Moving. A two year old. Co-owning a new business. Selling a house.
Let’s say that things have been busy lately. Blogging has been slow, so as I was cleaning up my desktop tonight I found something I thought I’d share. I submitted the story below to Fray for their “Geek” theme. (It didn’t make it)
Please try not to make too much fun.
In 1977 my Mom gave me a toy that changed my life. I don’t remember it, of course; I was 3 years old at the time. But it charted a course that still impacts my life to this day. The toy was one of the first LEGO sets to be found in the United States after they migrated from Europe.
By the time I was 7 years old or so, no Christmas or birthday celebration was complete unless there was a shiny new LEGO set to unwrap. To this day I still have vivid memories of the Rescue Helicopter, Knight’s Castle, Motorcycle Shop, and the Moon Surface Transport. My dream job as a kid? LEGO Designer.
Well into my teens, I was building here and there. That likely has to do with my younger brother starting to get interested in LEGO about the time that I was at the age where I “should have” lost interest, and didn’t really share with friends that I still partook in this particular activity. How uncool would that have been?
When I went off to college, I was completely broke most of the time. But I always found a way to pick up a small set here and there to keep the obsession fed. I didn’t build much simply because my LEGO brick collection was still at home, turned over to my brother.
One day in 1999, I found myself in Toys R’ Us shopping for a gift for a co-worker’s baby when I stumbled upon the most amazing thing I’d ever seen: LEGO had released a line of Star Wars LEGO sets. Here in my hands I was holding the dream of so many children of the 70s, a vision in grey, something I never thought I’d see. The LEGO X-Wing set.
I snatched it up, as well as several other LEGO Star Wars sets they had in stock. After talking to a stock boy who was as equally enthused about the product line as I was, I discovered that they only had a few sets out of the full line that LEGO had produced. And in true geek style, I spent the rest of the day driving all over the Dallas metroplex trying to complete the line.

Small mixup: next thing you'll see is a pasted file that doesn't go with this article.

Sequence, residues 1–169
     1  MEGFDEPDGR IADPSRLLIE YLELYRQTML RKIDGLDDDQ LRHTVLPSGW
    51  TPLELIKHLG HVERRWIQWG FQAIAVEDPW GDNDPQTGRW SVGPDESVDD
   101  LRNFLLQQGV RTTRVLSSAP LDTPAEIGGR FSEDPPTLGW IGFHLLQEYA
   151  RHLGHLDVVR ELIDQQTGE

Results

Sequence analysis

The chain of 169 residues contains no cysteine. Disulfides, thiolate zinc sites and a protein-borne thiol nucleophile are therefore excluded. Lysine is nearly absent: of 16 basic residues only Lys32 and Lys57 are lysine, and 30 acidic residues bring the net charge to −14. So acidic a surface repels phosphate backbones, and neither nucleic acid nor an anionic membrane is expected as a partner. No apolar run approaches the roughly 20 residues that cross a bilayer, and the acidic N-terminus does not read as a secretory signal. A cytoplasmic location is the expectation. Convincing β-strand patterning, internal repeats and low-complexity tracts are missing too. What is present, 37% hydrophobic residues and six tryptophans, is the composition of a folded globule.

Before I knew it, I had reclaimed my 10 gallons of LEGO bricks from my parent’s house, joined the online LEGO fan community, and was buying sets and building creations like my life and career depended on it. Turns out it did.
As a way to learn a new Web programming language, I started building an online store where I could sell individual LEGO elements. I generated a few bucks and built a pretty decent customer base, but also attracted the attention of the LEGO Company itself. I found myself interviewing in New York City for a job with LEGO Direct, the newly formed direct-to-consumer business unit of The LEGO Company. Then I found myself walking in the door for my first day of work.
The 7-year old kid who made his relatives chuckle when he told them what he wanted to do had delivered on a promise to himself to make it happen.
I spent five years traveling the world, working with fan groups, and learning about online and offline community. I wrote a book, designed two different LEGO sets and two minifigs (the little LEGO people). I saw the power of the LEGO brick to excite and delight kids and adults alike. I learned that the brick is a universal language that can help people communicate ideas and emotions even if they can’t speak the same language. I saw 5 year old kids and 55 year old adults meeting each other at eye level to smile and point and admire amazing creations. And I’ve heard countless stories from programmers, engineers, scientists, and professors who confidently point to the LEGO brick as the reason they are in the profession they are.
But I know that my singular geek fixation brought me to the place I’m at now in life. I wish I’d known that as a teenager … I would have been much more proud of my age inappropriate connection to the best toy ever created.